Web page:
The price of orange
How one major city deals with the threat of terrorism and the costs it brings.
May 21, 2003: 4:15 PM EDT

NEW YORK (CNN) - Raising the threat level to orange also means more green. The cost that is to the cities, the counties, the states, of beefing up security.

CNN's Wolf Blitzer interviewed Charles Temtarali, deputy commissioner for counterterrorism in Philadelphia, to find out how one major city is dealing with the threat -- and the bill.

WOLF BLITZER, CNN ANCHOR: Mr. Temtarali, thanks very much for joining us. What does this specifically mean for Philadelphia?


When the color code under the home advisory system is changed, we already have predesignated options and alternatives for our police commissioner. We work very closely here in Philadelphia with our local FBI office, and the first thing that we do here in Philadelphia is, we sit down with our counterparts in the federal sector, and we assess all of the available intelligence information.

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And then based upon all of the intelligence that we have, we make a set of recommendations to our police commissioner in regards to the options and alternatives that we think he should avail himself of.

BLITZER: When Secretary Tom Ridge, who made the announcement yesterday, that the federal government was going to this higher level from yellow to orange, what specifically in Philadelphia do you have to do, and do you have enough money to pay for the overtime, the extra work presumably that this higher level demands?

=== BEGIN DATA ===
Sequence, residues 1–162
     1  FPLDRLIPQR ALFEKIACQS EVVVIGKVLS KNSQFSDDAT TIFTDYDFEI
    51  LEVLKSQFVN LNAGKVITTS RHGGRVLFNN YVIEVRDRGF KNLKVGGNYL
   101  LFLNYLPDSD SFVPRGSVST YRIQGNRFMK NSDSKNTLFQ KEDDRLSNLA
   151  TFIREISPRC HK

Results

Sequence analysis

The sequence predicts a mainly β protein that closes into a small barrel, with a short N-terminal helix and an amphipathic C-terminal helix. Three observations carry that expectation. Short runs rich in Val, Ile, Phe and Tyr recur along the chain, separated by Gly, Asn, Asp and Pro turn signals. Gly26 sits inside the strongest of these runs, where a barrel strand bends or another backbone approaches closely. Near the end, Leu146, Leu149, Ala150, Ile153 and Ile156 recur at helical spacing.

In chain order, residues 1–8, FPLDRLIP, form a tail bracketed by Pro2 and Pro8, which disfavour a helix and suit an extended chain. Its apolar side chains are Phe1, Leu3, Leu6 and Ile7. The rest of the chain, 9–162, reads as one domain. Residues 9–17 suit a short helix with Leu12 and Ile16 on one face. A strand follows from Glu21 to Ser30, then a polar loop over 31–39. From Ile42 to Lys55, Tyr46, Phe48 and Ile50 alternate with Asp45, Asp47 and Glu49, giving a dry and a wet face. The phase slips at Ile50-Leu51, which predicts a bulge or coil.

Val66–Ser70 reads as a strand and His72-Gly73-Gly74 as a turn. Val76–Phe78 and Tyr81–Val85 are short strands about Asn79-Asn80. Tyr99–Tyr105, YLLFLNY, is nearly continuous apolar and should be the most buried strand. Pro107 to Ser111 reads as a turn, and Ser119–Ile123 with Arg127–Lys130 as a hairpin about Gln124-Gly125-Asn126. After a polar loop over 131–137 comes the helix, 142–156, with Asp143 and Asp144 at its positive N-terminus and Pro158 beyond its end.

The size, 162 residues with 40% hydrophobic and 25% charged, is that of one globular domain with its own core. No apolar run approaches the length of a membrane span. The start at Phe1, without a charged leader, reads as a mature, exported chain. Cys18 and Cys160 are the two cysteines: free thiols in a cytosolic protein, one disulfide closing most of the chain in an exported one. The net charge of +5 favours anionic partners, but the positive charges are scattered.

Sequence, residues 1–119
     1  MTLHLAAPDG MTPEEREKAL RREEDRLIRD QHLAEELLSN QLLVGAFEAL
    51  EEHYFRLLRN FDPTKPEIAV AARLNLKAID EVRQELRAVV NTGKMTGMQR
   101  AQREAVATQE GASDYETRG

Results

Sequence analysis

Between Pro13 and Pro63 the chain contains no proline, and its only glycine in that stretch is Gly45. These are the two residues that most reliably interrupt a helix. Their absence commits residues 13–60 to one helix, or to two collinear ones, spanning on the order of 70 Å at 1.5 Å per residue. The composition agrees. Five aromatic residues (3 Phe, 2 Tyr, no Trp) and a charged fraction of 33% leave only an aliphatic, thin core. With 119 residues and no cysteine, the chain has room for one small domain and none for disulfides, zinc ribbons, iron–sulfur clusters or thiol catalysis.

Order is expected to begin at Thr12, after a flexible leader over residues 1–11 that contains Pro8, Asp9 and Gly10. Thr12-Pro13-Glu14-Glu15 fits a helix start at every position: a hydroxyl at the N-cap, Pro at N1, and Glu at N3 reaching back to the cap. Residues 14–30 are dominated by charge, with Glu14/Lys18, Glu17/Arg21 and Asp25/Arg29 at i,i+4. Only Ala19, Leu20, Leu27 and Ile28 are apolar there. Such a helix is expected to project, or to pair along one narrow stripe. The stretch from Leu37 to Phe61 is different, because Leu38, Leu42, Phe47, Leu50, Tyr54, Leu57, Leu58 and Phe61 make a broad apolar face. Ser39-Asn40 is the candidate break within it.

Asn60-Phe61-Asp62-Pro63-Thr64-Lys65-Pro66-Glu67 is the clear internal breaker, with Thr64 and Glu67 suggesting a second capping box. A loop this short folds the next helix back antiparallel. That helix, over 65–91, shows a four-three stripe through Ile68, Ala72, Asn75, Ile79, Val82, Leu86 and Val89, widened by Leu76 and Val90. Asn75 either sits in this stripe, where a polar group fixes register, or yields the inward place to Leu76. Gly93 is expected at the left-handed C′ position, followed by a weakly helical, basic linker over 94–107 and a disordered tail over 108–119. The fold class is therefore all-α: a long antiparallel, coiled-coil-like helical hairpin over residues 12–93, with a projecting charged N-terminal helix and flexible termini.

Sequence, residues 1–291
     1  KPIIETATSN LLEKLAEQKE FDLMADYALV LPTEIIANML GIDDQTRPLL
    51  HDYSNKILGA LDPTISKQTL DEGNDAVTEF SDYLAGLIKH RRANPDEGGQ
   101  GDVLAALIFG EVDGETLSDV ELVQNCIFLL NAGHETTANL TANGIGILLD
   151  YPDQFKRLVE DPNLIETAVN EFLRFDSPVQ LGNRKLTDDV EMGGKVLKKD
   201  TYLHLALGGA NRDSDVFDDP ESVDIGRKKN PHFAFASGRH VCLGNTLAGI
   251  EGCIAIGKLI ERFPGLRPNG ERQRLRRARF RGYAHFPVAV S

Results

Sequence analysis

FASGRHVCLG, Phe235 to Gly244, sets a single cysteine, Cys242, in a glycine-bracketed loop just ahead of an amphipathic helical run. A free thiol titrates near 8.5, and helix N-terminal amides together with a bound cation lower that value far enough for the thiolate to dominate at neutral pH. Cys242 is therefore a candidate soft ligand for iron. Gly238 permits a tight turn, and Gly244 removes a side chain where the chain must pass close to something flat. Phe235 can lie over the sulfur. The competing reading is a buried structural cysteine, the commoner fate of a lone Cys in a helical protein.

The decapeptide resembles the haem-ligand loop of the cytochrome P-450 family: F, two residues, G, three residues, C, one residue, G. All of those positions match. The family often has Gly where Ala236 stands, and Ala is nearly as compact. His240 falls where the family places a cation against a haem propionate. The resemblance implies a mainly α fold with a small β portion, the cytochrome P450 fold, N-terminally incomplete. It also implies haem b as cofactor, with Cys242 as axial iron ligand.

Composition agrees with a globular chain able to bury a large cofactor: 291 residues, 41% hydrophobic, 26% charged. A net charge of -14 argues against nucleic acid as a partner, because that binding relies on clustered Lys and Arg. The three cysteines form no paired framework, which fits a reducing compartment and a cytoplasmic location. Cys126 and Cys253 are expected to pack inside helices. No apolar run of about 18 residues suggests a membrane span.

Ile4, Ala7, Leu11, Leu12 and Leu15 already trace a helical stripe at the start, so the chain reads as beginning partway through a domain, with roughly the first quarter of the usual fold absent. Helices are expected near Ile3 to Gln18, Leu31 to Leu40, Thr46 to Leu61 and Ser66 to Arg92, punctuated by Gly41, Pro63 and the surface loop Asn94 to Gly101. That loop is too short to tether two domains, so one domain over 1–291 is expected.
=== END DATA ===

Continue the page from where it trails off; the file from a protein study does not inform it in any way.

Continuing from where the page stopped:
TEMTARALI: Well, we have enough personnel. We have a counterterrorism bureau in the Philadelphia Police Department. And we also have a substantial joint terrorism task force under the auspices of the FBI. So our personnel is more than efficient. When we need additional personnel from our patrol and our special patrol ranks, we utilize overtime.

And when it comes to the safety of the citizens in the city of Philadelphia, our first concern is addressing their safety. And we will address the money issues after we feel that they are secure.

BLITZER: Are you getting all of the intelligence, all of the information you need and expect from Washington to help you do your job?

TEMTARALI: Yes, the relationship between the Philadelphia police and the FBI here in Philadelphia is excellent. My commanders meet with the FBI field commanders two and three times a week to discuss active investigations. The head of the task force was in my office this morning, discussing recent information that they have just received.

I think it's an excellent relationship. I am completely satisfied with it, as is our police commissioner.

BLITZER: As you know, commissioner, we're going into a holiday weekend, Memorial Day weekend. Not far beyond that is the fourth of July, a big celebration, Philadelphia obviously playing an important part in that. What, if anything, should people in Philadelphia, in your city, do differently now at this higher threat level?

TEMTARALI: Well, we have an outreach section in our counterterrorism bureau under our domestic preparedness section, and they are out every day. They visit the businesses. They visit different work sites, the community groups, and they utilize the taps program, which tells our citizens what to look for, how to record it and who to report it to. So we do this on a regular basis. We personally address our citizens.

But on the fourth of July, we handle the Republican National Convention. We handle many major events. We put a lot of time and effort into these big events. We want people to come to Philadelphia and enjoy themselves on the Fourth of July. We will be working hard.

BLITZER: I was in Philadelphia on Monday at the University of Pennsylvania. Had a wonderful time there, Mr. Temtarali, the deputy commissioner of the police department in Philadelphia. Thank you very much for joining us. Good luck to you, and good luck to everyone in Philadelphia.  Top of page

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